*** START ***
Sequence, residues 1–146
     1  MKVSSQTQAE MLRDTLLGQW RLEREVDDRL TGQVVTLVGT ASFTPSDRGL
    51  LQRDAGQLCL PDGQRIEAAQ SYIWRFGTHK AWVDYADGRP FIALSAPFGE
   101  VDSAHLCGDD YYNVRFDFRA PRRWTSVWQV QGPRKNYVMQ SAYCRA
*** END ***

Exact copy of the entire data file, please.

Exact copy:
Sequence, residues 1–146
     1  MKVSSQTQAE MLRDTLLGQW RLEREVDDRL TGQVVTLVGT ASFTPSDRGL
    51  LQRDAGQLCL PDGQRIEAAQ SYIWRFGTHK AWVDYADGRP FIALSAPFGE
   101  VDSAHLCGDD YYNVRFDFRA PRRWTSVWQV QGPRKNYVMQ SAYCRA